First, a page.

I found references to hart on page 35 of the RISC-V 2.1 spec. However, I could not find a definition for hart in this document. Does hart refer to a hardware-thread or something more sinister?

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    Yes, it's "hardware thread" - see en.wikipedia.org/wiki/RISC-V, for example. Mar 9 '17 at 2:48
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    Ah yes......'hart' is elaborated in the other RiscV spec (riscv-privileged -v1.9.1). The user level spec (volume 1) could use a attribution to the privileged spec (volume II) when it comes to 'hart'. Maybe it is best to read these specs out of order - starting with volume II? Thanks.
    – daveW
    Mar 9 '17 at 21:25

Yes, a hart is a hardware thread.

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    Thank you very much, kind of HARD to find.
    – Marc43
    Apr 1 '20 at 7:18

A RISC-V compatible core might support multiple RISC-V-compatible hardware threads, or harts, through multithreading.

The RISC-V Instruction Set Manual
Volume I: Unprivileged ISA Document Version 20191214-draft
Page 2


In simple language, a hart is a RISC-V execution context that contains a full set of RISC-V architectural registers and that executes its program independently from other harts in a RISC-V system. What constitutes a "RISC-V system" depends on the software's execution environment but for standard user-level programs, it means the user-visible harts and memory (i.e., a multithreaded Unix user process). "Execute independently" means that each hart will eventually fetch and execute its next instruction in program order regardless of the activity of other harts (at least at user level).

This is closest answer I ever got after spending a lot of time to understand what 'hart' is https://groups.google.com/a/groups.riscv.org/forum/#!topic/sw-dev/QKjUDjz_vKo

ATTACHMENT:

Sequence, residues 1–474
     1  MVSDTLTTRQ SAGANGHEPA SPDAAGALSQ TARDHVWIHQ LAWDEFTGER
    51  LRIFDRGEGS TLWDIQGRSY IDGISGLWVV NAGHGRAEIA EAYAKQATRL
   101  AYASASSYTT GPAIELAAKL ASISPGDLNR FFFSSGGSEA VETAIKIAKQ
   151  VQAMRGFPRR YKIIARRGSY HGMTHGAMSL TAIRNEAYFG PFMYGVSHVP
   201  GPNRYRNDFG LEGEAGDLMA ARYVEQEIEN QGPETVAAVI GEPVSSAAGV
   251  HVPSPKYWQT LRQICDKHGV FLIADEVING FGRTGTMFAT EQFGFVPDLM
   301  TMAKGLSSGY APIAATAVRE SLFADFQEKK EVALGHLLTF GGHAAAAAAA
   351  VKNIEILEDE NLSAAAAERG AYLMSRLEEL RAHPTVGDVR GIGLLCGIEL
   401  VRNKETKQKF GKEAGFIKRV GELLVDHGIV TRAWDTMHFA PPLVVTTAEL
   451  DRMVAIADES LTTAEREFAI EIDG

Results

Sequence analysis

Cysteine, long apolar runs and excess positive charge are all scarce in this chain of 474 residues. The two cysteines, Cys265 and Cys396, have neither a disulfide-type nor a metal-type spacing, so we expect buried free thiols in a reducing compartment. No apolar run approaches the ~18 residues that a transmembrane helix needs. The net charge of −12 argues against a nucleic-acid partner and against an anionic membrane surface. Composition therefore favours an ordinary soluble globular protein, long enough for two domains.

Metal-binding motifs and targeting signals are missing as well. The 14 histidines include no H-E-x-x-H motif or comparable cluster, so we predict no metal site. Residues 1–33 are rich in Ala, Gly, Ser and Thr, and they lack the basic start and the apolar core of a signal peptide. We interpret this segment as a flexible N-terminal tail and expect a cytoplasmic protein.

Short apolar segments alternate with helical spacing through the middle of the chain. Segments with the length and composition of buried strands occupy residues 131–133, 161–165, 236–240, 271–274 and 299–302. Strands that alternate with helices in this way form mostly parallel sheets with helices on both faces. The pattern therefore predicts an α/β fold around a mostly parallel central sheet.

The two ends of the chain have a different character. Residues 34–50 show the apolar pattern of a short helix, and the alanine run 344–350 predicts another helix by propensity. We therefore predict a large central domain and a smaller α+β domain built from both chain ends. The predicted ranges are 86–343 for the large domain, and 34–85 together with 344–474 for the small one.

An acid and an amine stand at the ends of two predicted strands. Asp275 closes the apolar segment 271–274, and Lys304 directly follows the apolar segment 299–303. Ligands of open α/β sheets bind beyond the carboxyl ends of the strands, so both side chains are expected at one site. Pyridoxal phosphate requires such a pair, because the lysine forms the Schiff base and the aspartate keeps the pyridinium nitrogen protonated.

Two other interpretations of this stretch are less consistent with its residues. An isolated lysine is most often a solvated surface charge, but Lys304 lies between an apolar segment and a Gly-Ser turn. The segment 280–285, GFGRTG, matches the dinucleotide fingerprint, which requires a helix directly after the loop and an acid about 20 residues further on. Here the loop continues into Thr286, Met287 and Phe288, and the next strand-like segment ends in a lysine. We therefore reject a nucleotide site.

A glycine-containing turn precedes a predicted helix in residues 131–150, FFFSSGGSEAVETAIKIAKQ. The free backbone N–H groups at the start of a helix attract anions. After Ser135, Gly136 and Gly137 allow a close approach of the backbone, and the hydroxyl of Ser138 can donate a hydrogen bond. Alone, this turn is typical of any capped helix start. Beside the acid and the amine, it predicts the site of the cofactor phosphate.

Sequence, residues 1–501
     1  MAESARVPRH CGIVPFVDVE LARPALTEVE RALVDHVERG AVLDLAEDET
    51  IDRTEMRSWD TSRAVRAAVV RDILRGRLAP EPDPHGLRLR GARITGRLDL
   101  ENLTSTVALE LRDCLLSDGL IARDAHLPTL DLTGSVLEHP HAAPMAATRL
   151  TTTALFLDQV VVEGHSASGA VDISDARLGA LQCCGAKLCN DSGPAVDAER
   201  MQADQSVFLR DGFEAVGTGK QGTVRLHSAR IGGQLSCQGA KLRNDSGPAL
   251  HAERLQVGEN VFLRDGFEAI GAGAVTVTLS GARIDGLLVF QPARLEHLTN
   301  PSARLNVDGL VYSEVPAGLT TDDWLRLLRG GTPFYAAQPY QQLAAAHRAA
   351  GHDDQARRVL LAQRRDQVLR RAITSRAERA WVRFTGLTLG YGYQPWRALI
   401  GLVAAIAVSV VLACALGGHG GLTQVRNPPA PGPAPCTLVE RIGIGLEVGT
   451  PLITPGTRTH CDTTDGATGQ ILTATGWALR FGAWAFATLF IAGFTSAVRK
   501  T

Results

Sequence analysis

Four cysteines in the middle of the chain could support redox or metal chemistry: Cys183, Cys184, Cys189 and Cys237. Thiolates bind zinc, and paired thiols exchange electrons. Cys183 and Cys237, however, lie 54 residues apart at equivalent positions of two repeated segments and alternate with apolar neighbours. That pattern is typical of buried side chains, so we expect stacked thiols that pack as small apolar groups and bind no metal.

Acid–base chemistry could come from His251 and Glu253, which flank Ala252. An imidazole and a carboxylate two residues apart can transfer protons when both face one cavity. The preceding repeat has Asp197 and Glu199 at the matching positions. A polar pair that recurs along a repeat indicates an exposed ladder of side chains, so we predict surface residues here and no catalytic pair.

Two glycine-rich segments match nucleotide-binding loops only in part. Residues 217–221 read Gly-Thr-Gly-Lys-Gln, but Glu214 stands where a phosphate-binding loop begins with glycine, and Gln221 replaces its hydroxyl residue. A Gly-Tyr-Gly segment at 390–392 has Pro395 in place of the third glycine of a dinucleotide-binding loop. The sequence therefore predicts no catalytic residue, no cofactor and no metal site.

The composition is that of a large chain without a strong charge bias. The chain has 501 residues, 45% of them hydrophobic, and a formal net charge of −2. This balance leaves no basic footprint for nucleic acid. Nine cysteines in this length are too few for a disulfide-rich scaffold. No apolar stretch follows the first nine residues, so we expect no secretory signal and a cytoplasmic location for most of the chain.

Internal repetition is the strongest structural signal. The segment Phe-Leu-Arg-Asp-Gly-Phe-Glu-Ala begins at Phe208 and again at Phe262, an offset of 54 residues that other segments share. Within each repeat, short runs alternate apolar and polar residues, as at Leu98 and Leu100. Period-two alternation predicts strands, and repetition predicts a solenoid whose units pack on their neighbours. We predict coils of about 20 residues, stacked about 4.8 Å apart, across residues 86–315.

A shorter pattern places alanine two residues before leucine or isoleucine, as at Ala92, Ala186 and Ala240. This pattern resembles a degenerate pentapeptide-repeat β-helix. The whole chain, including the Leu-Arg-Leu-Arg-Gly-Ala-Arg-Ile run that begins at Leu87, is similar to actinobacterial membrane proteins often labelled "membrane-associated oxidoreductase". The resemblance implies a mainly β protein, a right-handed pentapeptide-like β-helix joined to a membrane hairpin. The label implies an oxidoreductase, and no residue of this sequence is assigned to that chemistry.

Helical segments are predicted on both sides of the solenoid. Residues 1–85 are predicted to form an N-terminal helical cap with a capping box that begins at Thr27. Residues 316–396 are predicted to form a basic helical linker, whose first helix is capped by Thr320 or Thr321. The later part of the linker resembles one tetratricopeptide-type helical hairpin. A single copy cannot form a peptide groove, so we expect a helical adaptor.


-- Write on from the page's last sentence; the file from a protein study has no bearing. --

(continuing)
• Are you implying that a hart might be an illusion of the kernel, or something, and only run user-space software threads? I'm having a hard time imagining anything that could properly be called a hardware thread that didn't look (to kernel software) like a full CPU, so e.g. code on two separate harts could be running kernel code simultaneously. I could see having only one hart on a physical core actually handle external interrupts, although for preemptive multi-tasking you'd need every hart to be able to receive a timer interrupt or something. Jul 24 '20 at 7:20
  • Sounds to me like "hart" is just trying to capture every possible SMT and related thing (en.wikipedia.org/wiki/Simultaneous_multithreading), the same concept that we describe as a "logical core" on other ISAs. Jul 24 '20 at 7:21
  • @PeterCordes RISC-V defines a separate address space of 4096 for Control Status Registers address space of CSRs associated with each hart. Further, these CSRs are NOT memory mapped so it don't go through LD/STORE instead atomically read/modifiable by machine code. So hart and thread in software differs completely when you think of context switching and harts can't run simultaneously. Chapter 9 in unprivileged spec throws light on this. Its neither a conventional hardware or software thread instead a special breed.
    – sniper
    Aug 4 '20 at 1:00
  • Its just a RISC-V execution context .
    – sniper
    Aug 4 '20 at 1:17

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